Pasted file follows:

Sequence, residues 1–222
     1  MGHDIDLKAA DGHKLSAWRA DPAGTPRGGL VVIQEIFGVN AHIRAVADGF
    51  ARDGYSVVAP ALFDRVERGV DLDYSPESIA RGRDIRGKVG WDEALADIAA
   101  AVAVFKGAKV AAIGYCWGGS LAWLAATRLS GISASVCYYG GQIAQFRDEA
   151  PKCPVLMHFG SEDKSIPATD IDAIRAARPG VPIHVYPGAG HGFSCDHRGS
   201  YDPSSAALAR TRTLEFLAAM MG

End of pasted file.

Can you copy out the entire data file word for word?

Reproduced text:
Sequence, residues 1–222
     1  MGHDIDLKAA DGHKLSAWRA DPAGTPRGGL VVIQEIFGVN AHIRAVADGF
    51  ARDGYSVVAP ALFDRVERGV DLDYSPESIA RGRDIRGKVG WDEALADIAA
   101  AVAVFKGAKV AAIGYCWGGS LAWLAATRLS GISASVCYYG GQIAQFRDEA
   151  PKCPVLMHFG SEDKSIPATD IDAIRAARPG VPIHVYPGAG HGFSCDHRGS
   201  YDPSSAALAR TRTLEFLAAM MG